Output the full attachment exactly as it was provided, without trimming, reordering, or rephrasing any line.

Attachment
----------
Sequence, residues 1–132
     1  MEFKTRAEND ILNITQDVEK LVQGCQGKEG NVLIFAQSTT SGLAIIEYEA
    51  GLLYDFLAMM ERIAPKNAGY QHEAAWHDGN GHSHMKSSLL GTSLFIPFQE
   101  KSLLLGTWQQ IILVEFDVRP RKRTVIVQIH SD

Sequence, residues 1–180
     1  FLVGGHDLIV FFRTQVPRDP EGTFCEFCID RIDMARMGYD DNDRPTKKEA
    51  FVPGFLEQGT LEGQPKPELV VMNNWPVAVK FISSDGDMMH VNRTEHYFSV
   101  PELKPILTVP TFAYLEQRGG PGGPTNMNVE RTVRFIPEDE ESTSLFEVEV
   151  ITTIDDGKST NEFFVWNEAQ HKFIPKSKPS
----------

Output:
Sequence, residues 1–132
     1  MEFKTRAEND ILNITQDVEK LVQGCQGKEG NVLIFAQSTT SGLAIIEYEA
    51  GLLYDFLAMM ERIAPKNAGY QHEAAWHDGN GHSHMKSSLL GTSLFIPFQE
   101  KSLLLGTWQQ IILVEFDVRP RKRTVIVQIH SD

Sequence, residues 1–180
     1  FLVGGHDLIV FFRTQVPRDP EGTFCEFCID RIDMARMGYD DNDRPTKKEA
    51  FVPGFLEQGT LEGQPKPELV VMNNWPVAVK FISSDGDMMH VNRTEHYFSV
   101  PELKPILTVP TFAYLEQRGG PGGPTNMNVE RTVRFIPEDE ESTSLFEVEV
   151  ITTIDDGKST NEFFVWNEAQ HKFIPKSKPS